Canine aggression towards the owner and family is a problem for people to live with the dog, and should be corrected. I think training a dog for obedience, that is, teaching the dog to sit or wait on command, is very important especially as a preventive measure of many canine behaviour problems. However, I would also like to emphasize that obedience training alone would not eliminate behaviour problems in dogs. Behaviour problems are developed through a complicated process under influences of many different factors, such as, genetic predisposition, hormonal states, socialization, and learning. Of these factors, socialization and learning are those the owners can exert some effects on by controlling the environment they offer or the way they interact with the dog in everyday life.

Socialization is a process whereby an individual animal learns to recognize others as a social being and to behave appropriately towards them. In dogs, the critical period of socialization is from three to twelve months after birth. A puppy's experience during that period may have a deterministic effect on its later behaviour for the rest of its life. If a puppy is separated from its mother and littermates early during that period, or if kept in a box in total isolation with little stimulation, socialization will not occur. Such an animal is unlikely to develop appropriate social behaviour, and may grow extremely timid or to attack unfamiliar people because of fear as an adult. During the socialization period, it is extremely important to expose a puppy to as many different kinds of stimuli as possible, not only people, but also to inanimate objects, sound, and so on.

Learning is a process whereby an animal comes to perform a new behaviour under the presence of specific stimuli. this is what so-called dog training or obedience training makes use of. In teaching a dog to follow a command, people attempt to establish leaning in the dog. On the other hand, incidental learning that occurs when the owner is not aware of it may lead to behaviour problems. For example giving food to a dog after it has been barking may teach the dog to bark to beg for food.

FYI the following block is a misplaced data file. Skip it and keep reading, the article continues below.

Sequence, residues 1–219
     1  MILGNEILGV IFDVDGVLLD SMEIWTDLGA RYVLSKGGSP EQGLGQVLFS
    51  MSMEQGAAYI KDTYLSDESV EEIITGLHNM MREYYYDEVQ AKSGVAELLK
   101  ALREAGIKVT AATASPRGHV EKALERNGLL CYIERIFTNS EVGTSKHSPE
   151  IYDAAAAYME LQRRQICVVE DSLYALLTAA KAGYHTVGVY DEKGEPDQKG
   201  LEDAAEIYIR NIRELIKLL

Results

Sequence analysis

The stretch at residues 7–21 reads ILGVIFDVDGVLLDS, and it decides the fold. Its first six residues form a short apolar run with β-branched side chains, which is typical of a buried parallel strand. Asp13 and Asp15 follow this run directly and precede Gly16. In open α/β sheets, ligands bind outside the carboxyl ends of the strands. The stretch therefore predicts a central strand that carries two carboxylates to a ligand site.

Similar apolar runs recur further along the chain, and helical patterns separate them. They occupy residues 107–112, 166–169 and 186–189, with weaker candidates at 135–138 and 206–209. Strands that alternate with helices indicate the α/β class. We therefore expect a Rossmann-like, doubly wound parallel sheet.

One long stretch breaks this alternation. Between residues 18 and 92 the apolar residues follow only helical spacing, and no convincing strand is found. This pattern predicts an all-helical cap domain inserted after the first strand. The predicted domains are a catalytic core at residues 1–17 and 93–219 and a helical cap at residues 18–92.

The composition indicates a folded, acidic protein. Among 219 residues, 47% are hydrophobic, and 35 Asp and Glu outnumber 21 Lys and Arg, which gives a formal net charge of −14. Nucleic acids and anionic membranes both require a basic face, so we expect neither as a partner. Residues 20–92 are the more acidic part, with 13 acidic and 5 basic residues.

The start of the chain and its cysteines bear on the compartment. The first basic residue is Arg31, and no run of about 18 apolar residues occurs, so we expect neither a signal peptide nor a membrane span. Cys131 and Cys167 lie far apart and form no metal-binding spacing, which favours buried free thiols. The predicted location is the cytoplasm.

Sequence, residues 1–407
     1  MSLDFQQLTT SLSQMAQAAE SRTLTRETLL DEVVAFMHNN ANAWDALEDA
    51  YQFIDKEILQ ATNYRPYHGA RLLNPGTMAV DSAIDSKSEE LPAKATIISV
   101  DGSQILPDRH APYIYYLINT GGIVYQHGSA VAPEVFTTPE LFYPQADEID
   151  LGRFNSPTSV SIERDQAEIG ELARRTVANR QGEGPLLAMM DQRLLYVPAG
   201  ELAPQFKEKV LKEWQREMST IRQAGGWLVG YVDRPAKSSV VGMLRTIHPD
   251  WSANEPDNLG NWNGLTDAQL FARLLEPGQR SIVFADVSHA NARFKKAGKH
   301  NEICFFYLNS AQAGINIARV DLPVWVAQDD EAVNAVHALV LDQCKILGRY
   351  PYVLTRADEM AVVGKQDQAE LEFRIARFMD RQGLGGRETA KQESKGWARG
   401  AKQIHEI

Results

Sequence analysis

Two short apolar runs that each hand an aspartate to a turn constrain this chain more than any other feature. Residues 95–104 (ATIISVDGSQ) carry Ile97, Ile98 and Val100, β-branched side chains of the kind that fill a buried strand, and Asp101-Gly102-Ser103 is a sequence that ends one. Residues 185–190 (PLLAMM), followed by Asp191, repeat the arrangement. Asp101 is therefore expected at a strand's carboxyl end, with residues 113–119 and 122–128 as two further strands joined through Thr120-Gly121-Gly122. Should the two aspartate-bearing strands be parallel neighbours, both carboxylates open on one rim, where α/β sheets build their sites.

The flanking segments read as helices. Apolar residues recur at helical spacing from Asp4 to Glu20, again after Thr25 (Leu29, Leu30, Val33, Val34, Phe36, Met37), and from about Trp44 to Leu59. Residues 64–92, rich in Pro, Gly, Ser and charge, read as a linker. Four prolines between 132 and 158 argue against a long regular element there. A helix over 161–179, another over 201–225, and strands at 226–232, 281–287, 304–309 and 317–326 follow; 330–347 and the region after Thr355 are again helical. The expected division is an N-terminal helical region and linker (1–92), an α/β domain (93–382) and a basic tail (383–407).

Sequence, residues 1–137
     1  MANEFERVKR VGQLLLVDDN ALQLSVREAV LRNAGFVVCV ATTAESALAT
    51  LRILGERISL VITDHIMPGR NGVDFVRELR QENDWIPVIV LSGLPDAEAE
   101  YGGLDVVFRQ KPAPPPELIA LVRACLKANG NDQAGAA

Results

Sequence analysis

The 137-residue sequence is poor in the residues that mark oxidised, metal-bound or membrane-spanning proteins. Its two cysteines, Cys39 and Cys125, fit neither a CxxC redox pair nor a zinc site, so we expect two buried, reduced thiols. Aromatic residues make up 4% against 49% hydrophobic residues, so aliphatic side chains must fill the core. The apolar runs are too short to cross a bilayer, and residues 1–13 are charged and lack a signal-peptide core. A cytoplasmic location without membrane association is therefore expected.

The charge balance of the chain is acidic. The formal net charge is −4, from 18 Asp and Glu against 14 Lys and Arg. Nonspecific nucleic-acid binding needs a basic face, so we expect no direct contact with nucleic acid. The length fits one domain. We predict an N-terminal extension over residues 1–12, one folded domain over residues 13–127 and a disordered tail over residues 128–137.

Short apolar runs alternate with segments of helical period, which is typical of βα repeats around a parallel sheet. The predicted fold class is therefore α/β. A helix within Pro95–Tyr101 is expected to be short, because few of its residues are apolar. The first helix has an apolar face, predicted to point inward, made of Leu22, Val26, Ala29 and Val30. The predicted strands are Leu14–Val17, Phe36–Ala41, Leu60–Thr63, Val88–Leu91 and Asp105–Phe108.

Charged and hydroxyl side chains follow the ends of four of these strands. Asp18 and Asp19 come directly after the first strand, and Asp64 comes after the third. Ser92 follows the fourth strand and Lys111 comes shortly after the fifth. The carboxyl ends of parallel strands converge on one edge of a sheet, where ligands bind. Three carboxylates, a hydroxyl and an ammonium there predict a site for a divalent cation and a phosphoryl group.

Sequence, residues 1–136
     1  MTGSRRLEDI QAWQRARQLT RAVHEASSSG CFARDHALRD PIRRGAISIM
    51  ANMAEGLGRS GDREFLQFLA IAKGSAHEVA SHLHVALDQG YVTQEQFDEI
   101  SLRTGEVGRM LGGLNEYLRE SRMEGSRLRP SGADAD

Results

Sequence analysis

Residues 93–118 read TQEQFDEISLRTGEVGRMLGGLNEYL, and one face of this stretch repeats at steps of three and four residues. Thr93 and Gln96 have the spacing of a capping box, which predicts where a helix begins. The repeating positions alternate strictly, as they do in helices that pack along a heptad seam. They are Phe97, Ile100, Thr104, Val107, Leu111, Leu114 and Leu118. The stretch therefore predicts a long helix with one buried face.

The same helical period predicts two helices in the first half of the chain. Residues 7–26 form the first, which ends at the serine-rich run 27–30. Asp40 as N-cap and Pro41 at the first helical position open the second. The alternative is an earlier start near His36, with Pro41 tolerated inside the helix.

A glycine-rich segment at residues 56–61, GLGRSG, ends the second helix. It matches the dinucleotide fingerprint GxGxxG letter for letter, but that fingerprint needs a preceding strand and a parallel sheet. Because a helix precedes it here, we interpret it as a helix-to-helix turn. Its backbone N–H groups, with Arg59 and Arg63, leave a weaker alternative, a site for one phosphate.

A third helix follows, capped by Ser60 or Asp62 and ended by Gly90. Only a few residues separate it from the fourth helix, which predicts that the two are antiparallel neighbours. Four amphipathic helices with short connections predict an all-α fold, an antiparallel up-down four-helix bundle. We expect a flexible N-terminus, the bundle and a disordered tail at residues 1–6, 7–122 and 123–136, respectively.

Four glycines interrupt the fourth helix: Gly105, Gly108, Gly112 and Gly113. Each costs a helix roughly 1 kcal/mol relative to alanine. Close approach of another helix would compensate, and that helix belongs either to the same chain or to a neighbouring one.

I hope now you understand that the behaviour of an animal is influenced by multiple factors. What is important to note is that the owner's daily interactions with his or her dog or cat may have an enormous effect on the behaviour of the animal. Dogs are highly social animals and thus have a strong need for attention from the owner. In order to control a dog's behaviour, it is indispensable for the owner to put the dog through the kind of training given in obedience classes and get the dog to obey. This will help the owners to establish dominance over the dog. I know some people who feel that placing a dog in a subordinate position is cruel. However, I would like to emphasize that dogs are animals for which subordination is a part of their natural makeup, and they will never suffer from being in a subordinate position. In fact, if a dog is not taught being subordinate to the owner, its position in the pack (family) will remain undetermined, which is far more stressful to the dog.


On the Responsibility of Owners

the Tokyo Chapter, Japanese society of Humane Care of Animals

So that owners can live comfortably with their companion animals (dogs and cats) in collective housing, it is desired that they increase their knowledge, and behave in a responsible manner, as regards their companion animals. In this connection, it is important that they see their dogs and cats as a member of the family, and that they care for their pets properly so as not to cause other people any bother.

* "Model Regulations for Keeping Animals in Collective Housing"
These are model rules which, in 1994, in response to the growing popularity of keeping pets in collective housing, were drawn up, by the Bureau of Public Health of Tokyo, for the purpose of helping pet owners avoid trouble with their neighbors caused by the improper keeping of pets.

In the next issue we will consider ways of preventing stress to companion animals that live in collective housing, as well as the results of a questionnaire survey that was conducted at the seminar.

copyright